Jana Kramer plays Faith, a New York-based singer returning to her home state of North Carolina after a four-year-absence. More specifically she returns to Columbus County, it would be nice to know what town specifically she hails from, even if it is fictional, but the writers seem to have forgotten to add that little detail. She and her husband, Luke (Randy Wayne), are in a bit of a struggle with their marriage. Luke, who fits the Wall Street businessman mold to a "T", is arrested for fraud. Naturally this creates a huge rift between the two of them, as Faith now feels she can no longer trust him and begins to wonder what else he may have been holding back from her all the years they've been together. So Faith returns to her home state and county (still no town name!) to try in an attempt to reconnect with her "roots". And wouldn't you know, there happens to be a cute, oh-so-sweet, salt-of-the-earth doctor working in the town and (surprise!) there's some chemistry going on between the two of them.
Faith's father and sister still live in Columbus County, problem is there's some unresolved issues between the three of them and that makes for an uncomfortable reunion. Faith's father Calvin (Gerald McRaney) seems more willing to forgive and forget while her sister Olivia (Anne Hawthorne) is quite the opposite. The problem here is that the story never bothers to fully explain what could cause such animosity between them; at least not fully. Sure, we eventually discover that Faith never invited her sister the wedding, but that doesn't seem like an issue that would cause such tension. You get the sense there's more going on, but again, the film seems more interested in focusing on country music (naturally sung by Kramer) than bothering with little things, like plot development.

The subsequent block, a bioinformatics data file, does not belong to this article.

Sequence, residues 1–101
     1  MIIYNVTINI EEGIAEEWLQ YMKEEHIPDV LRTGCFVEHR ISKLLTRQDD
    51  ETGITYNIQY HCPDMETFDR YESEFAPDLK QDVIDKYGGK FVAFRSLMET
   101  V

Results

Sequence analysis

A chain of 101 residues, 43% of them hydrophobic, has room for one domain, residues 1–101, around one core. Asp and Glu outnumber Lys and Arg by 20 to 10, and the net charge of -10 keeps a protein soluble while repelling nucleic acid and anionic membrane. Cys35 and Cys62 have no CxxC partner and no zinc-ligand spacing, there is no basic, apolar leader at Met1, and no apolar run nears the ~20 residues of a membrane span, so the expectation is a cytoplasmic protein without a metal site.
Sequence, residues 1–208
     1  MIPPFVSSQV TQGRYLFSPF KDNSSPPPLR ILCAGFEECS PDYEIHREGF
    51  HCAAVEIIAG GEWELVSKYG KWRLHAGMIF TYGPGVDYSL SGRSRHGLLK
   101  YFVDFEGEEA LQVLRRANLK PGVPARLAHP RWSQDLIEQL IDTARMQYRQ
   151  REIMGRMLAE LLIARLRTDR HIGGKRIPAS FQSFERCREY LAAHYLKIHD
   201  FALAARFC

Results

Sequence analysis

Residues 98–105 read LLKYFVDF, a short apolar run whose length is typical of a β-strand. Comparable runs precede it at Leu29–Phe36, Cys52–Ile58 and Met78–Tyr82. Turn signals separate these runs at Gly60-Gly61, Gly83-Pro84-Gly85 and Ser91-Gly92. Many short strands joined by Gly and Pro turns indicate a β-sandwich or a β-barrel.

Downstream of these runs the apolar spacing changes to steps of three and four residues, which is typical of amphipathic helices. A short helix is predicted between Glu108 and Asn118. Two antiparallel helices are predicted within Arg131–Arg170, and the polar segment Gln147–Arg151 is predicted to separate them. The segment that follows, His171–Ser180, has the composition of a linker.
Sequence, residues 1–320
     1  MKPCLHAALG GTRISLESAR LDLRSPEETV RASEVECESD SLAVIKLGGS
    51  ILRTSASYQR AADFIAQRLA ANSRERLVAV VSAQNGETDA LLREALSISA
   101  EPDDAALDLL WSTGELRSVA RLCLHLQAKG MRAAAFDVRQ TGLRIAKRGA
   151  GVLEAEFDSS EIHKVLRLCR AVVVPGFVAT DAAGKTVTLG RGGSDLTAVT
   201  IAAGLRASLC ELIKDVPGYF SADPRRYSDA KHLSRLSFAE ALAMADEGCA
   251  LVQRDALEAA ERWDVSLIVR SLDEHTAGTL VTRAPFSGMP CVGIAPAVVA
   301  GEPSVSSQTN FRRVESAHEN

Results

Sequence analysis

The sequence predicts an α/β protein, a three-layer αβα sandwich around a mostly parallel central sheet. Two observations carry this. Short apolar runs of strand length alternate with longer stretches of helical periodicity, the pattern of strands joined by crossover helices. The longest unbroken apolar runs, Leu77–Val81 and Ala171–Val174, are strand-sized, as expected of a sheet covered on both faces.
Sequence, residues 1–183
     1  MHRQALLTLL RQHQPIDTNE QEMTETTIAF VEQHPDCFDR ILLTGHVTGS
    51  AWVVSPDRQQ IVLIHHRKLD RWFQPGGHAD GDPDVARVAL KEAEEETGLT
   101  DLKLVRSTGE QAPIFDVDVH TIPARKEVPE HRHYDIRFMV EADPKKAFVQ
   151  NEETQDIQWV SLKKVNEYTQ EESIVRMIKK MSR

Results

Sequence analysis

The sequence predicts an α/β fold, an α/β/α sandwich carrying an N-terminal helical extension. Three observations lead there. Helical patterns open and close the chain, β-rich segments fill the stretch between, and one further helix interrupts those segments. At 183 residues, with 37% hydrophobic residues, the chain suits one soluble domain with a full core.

Her co-stars do an admirable job, McRaney is usually type-cast as the paterfamilias in television shows like "Jericho" and "Promised Land," but it never gets tiresome to see him perform in the same kind of role. He's quite good here, Anne Hawthorne seems to relish in playing the spurned younger sibling, Randy Wayne (Luke) acts the part of a stuck up, corporate businessman but he doesn't exactly look the part. Everyone here, excluding Kramer, gets an "E" for effort for their roles, but at point do we really feel any connection to them.
Kramer has a great voice, but "Heart of the Country" becomes more focused on highlighting the fact that she's a country singer in real life, and less focused on trying to explore the people in the film. Much of the soundtrack consists of songs created by Kramer, and they tend to play at a somber point in the movie – of which there are many. Sure, Faith is also a country singer in the film, but there's only one instance in which we see her sing, and it's in a flashback to when she and her husband first met.
Speaking of flashbacks, director John Ward relies way too heavily on them. Whether it's to show Luke getting arrested, Faith's mother being rushed to the hospital after an accident that ultimately killed her, or the moments when Faith and Luke felt real love, we see it in a flashback.
On DVD now, not much can said for the film. No Blu-ray here, just your standard version. Visuals are nice for what they are. The country settings do look crisp and sharp (imagine how they'd look on Blu-ray!) while the audio does a fair job. Kramer's voice definitely comes through the most here, since this isn't a movie of loud explosions. And as for special features, all you get is a music video by Kramer titled "Heart of the Country".